The nightmare of the Supreme Court

In an article on the theory of law in the United States, H.L.A. Hart said that he moved between two extremes: the noble dream, a conception of the law as a rulebook that automatically applies to cases, without any mediation; And the nightmare, a conception in which law is a whirlwind of totally indeterminate guides, in which judges must always make decisions under their responsibility. In the first case, the law eclipses politics and illuminates only the solution, and in the second case the policy that eclipses the right and ends up deciding.

Citizens and the media imagine law as a noble dream and when they realize that it is not so, they fall asleep in the nightmare. Something of this happened septimana horribilis to the Spanish Supreme Court: first, the mismanagement of those who had to meet the corresponding tax at the time of establishing a mortgage, the lender or borrower; and then with another disregard of the European Court of Human Rights, for not having retained the judicial impartiality of Arnaldo Otegi. The idea of ​​a nightmare extends between us. The Supreme Court, it seems, can decide in a sense or the contrary according to its arbitration.

And this is bad news for the trial of the process that awaits us this winter. If the Supreme Court does not listen to the opinion of many lawyers, if it is not able to practice judicial dialogue with other courts of the world, in particular with the Court of Strasbourg, the eclipse of the law for politics will be consummated and the decision What they will take will be questioned both in the streets of Catalonia and in the classrooms and seminars of the faculties of jurisprudence all over the world.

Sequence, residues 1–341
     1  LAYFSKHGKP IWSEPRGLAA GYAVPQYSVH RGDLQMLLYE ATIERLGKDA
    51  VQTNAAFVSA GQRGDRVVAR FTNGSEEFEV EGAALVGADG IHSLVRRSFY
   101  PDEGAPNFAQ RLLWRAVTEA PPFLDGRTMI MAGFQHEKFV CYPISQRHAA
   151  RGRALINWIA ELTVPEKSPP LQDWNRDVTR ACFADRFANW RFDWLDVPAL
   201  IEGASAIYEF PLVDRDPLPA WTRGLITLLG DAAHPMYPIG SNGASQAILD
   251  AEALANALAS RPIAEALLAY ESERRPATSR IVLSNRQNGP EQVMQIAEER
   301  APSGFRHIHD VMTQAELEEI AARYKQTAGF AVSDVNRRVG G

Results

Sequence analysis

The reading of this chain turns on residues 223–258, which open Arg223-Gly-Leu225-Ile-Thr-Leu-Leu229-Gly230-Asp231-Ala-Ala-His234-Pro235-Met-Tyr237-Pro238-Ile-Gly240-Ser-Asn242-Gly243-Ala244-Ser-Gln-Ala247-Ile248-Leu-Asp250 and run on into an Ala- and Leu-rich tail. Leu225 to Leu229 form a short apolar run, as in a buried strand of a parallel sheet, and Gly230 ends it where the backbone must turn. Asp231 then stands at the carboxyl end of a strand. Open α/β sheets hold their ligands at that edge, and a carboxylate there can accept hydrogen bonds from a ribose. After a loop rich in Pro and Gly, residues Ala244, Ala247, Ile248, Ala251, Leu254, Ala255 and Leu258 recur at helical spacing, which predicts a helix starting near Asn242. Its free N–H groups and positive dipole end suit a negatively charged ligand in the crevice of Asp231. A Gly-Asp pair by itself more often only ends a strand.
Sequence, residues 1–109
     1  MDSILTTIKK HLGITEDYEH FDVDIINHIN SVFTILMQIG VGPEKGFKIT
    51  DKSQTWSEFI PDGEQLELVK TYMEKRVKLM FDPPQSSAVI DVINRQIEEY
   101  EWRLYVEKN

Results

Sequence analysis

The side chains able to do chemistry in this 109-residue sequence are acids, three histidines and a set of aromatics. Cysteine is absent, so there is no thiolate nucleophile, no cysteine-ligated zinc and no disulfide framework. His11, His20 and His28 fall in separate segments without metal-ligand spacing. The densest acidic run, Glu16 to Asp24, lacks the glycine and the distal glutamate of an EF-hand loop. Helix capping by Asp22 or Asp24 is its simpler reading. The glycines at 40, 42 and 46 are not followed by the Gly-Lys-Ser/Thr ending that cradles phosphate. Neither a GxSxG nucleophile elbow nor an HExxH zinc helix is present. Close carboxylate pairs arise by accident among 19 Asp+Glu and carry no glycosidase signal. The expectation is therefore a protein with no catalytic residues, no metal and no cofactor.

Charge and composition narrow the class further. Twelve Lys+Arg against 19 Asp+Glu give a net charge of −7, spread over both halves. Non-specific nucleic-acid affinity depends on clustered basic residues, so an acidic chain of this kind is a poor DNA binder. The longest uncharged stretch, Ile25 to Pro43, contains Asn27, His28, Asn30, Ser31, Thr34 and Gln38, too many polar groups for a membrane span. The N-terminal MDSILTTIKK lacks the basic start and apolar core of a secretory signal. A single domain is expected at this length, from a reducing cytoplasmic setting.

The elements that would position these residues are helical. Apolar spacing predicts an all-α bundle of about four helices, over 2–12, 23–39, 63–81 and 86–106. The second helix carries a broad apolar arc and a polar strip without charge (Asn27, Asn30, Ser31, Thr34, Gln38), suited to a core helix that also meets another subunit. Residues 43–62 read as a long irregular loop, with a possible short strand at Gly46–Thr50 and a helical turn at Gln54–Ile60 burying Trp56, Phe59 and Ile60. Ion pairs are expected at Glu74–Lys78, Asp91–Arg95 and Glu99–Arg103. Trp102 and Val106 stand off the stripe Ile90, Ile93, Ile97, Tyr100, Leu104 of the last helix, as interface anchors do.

Return to the vigil

If he does, he will give the reason to Tocqueville (even if he applied to the nineteenth century United States) when he said that in America there was not a politically important issue that had not been resolved judicially. But if the court remembers that extremes tend to distort our view of things, it can produce a phrase that moves away from the noble dream and nightmare, a phrase appropriate to the principles of strict legality and rigid jurisdiction, which govern Criminal law in a constitutional democracy . And then, we will leave the land of dreams to return to the waking hours. And it is very convenient that the wise man guide, well awake, pens -or the keys of the computer-of our judges of the Supreme Court.

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